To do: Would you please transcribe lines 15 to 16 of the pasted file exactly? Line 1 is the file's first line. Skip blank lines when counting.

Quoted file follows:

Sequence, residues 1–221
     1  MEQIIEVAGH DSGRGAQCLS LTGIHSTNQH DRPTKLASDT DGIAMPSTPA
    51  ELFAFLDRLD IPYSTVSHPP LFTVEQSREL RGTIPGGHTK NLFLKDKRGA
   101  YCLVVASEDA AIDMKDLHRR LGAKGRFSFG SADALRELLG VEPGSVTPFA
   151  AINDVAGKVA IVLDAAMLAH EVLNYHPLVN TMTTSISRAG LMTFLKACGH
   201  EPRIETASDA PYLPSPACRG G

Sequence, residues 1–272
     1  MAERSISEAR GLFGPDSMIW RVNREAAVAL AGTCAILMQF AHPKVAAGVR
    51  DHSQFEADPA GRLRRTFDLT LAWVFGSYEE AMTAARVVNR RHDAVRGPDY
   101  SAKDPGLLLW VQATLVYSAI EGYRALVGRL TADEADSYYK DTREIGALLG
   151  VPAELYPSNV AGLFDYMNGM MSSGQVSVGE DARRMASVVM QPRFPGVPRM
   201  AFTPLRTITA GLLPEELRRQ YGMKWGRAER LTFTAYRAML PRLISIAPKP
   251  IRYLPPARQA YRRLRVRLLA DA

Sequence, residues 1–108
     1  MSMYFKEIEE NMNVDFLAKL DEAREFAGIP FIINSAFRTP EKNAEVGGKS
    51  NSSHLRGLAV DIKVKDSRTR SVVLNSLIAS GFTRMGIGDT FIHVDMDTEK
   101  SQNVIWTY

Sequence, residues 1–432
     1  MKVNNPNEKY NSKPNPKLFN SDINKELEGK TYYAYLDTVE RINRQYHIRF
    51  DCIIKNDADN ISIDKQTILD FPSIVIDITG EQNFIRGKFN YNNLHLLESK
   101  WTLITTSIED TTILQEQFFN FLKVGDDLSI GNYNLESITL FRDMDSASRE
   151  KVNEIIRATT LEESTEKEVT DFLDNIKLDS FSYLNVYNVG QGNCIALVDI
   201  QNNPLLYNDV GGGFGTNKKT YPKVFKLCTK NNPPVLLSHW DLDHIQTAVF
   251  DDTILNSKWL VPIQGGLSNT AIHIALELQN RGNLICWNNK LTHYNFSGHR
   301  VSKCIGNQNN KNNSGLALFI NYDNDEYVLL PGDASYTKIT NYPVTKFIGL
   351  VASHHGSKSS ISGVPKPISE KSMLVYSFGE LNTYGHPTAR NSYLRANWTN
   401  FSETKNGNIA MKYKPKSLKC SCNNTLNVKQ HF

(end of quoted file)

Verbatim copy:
     1  MSMYFKEIEE NMNVDFLAKL DEAREFAGIP FIINSAFRTP EKNAEVGGKS
    51  NSSHLRGLAV DIKVKDSRTR SVVLNSLIAS GFTRMGIGDT FIHVDMDTEK